Behind the ornate, neo-classical façade of the 1909 (or maybe 1910) home at 5101 Victor St. lies an oft-remodeled Foursquare. The original owners – the Griffins – apparently sold the home within a year to the family of Seaborn Y. Matthews, whose Matthews Bros. Clothing store on Main Street offered the straightforward slogan, “Good Clothes That Fit.” The house changed hands several times in its first decade and was owned in turn by a dentist, a physician, a furniture executive (from 1920-1950), and then a carpenter/contractor (1952-1975).
By the time Patsy and Hank Stephenson rescued the home from decline in 1980, striped awnings had been added over every window and then removed again, an upstairs kitchen had been installed, and the load-bearing wall dividing the two front rooms had been demolished, leaving a pronounced sag in the downstairs ceiling.
The extensive renovation involved re-establishing that load-bearing wall, combining three upstairs bedrooms into a single master suite, opening the attic space as a walk-up with skylights, and adding a den. The current owners turned that den into a billiards room and – within the last few weeks just before this home tour – finished their kitchen renovation by installing leathered-granite kitchen countertops and created an adjacent mudroom/wine room.
WOODS, WINDOWS, AND WINGS
Unlike many of the homes in the Munger Place Historic District, 5112 Victor St. was built as a boarding house in the early 1920s, replacing one that burned to the ground in 1915. Said to be the favorite of engineers working at the Ford Motors plant downtown, the big house offered boarders all the modern conveniences: running water in every room, sleeping porches, easy access to street car lines, and “good meals served in large, cool dining room,” according to a 1923 ad in the Dallas Morning News.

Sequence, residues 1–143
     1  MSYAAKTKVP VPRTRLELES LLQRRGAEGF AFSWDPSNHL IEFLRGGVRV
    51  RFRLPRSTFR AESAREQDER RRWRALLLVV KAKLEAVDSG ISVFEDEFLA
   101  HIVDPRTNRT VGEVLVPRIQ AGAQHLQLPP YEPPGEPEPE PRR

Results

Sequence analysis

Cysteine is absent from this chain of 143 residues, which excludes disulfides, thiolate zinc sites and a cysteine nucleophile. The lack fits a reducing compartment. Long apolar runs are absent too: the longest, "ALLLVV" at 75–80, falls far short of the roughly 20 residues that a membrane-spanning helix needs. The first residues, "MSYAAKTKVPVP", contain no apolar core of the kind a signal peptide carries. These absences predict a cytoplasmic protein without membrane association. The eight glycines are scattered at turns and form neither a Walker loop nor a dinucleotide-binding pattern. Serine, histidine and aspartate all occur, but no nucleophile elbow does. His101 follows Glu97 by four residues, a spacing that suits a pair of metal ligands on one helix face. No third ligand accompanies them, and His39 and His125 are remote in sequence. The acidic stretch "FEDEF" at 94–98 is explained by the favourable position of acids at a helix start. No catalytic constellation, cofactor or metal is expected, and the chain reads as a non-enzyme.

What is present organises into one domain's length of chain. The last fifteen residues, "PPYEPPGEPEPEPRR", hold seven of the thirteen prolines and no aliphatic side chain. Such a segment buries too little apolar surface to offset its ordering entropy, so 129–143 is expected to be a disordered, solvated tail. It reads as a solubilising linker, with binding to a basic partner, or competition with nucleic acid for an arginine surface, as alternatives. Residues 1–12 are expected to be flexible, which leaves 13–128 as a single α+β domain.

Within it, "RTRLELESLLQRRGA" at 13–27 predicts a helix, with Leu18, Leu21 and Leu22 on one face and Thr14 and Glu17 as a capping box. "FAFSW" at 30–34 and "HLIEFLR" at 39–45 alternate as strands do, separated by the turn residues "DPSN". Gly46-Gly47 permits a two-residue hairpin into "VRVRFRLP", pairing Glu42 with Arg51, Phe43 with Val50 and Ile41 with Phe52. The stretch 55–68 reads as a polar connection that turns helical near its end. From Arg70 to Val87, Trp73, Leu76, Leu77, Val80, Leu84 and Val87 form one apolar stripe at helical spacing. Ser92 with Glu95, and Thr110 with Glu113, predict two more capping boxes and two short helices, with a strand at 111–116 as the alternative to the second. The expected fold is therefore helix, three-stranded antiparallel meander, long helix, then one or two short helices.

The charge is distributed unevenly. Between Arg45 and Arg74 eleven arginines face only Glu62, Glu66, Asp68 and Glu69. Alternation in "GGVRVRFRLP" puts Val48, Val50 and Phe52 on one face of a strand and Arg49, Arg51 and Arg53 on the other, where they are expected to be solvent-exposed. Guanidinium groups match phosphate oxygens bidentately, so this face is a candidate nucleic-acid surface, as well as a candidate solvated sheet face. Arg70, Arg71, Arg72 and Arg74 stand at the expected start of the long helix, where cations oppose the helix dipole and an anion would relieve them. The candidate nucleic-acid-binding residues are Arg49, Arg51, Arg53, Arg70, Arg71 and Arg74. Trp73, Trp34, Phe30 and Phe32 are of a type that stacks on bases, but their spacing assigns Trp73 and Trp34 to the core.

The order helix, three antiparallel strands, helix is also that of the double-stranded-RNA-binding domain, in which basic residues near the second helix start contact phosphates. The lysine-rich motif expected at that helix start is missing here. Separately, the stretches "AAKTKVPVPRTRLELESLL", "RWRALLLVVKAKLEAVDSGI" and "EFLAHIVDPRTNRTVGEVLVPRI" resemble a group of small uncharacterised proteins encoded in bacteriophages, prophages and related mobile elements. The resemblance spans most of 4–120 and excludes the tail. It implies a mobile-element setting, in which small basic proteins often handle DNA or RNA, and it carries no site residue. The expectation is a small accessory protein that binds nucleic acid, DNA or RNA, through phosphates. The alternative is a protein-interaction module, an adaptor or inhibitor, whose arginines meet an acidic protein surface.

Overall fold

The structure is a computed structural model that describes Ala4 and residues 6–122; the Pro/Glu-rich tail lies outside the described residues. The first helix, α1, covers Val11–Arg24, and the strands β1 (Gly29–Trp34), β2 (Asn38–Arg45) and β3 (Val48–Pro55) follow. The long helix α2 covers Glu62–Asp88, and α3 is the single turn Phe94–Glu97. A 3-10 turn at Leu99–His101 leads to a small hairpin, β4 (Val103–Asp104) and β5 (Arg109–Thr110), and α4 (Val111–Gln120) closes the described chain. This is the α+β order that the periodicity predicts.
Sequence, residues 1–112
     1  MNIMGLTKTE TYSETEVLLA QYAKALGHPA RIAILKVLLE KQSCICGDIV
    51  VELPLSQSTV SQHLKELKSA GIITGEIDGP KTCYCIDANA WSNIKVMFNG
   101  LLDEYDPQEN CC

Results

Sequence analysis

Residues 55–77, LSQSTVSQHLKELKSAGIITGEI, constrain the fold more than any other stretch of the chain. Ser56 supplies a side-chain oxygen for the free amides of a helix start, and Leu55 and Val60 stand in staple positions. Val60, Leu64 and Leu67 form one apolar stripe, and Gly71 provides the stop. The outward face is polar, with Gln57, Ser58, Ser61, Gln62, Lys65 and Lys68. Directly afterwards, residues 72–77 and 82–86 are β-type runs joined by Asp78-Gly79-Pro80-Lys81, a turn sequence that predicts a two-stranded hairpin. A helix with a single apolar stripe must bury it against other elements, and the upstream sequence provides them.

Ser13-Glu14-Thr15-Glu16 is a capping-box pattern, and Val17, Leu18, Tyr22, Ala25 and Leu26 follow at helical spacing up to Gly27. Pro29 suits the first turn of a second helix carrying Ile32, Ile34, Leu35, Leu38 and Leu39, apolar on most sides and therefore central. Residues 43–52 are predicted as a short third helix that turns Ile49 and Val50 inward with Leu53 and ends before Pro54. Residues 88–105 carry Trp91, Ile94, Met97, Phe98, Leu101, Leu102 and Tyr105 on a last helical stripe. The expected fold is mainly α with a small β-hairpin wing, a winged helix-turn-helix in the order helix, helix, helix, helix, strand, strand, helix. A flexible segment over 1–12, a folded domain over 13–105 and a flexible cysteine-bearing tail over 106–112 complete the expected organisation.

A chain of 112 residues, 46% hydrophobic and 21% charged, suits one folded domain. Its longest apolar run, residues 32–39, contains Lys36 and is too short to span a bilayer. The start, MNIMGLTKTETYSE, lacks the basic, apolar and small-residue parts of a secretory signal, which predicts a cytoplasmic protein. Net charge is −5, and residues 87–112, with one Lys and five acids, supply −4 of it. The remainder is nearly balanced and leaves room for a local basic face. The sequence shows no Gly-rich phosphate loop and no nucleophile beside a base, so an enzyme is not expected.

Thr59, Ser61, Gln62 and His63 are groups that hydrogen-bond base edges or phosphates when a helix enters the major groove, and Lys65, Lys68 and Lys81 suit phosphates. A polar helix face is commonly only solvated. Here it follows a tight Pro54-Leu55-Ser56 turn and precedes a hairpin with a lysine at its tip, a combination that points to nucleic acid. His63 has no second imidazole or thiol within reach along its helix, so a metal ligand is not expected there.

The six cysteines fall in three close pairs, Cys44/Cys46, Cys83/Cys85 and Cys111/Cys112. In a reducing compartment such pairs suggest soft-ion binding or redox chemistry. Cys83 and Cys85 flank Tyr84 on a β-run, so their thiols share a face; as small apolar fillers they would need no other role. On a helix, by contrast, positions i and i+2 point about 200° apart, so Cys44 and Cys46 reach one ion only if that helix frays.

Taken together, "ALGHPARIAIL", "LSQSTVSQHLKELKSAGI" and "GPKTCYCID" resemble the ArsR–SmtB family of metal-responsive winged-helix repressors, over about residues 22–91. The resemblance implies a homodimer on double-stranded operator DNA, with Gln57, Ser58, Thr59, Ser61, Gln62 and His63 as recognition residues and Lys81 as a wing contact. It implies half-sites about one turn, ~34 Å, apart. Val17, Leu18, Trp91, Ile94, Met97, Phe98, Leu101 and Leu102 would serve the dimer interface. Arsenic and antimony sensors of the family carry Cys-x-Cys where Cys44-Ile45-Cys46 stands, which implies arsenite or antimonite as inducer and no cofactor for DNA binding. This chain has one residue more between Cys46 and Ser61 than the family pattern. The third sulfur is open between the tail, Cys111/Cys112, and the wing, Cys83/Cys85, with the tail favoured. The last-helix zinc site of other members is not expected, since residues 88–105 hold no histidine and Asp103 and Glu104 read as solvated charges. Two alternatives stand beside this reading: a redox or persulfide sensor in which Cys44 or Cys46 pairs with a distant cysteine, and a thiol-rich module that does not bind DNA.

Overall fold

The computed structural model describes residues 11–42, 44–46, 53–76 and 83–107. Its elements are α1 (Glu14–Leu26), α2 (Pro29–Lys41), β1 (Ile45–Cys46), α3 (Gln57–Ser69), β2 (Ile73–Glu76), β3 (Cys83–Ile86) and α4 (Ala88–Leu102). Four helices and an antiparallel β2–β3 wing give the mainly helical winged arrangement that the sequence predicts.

In 1982, the late Raymond Poche and his family embarked on the daunting task of rescuing the vacant house, which had been damaged by fire and neglect. They reconfigured the bedrooms (removing piles of sinks and empty gin bottles in the process) and added a second stairway, but kept the unusual wood trim and original doors with much of their hardware. The paneling in the downstairs hallway came from a nearby office building that was being demolished. Some of the original cast iron bathroom fixtures remain, as do the fireplaces, which were uncovered by the current owners. Also original are the parlor’s piano windows, pocket doors, and built-in bookcases.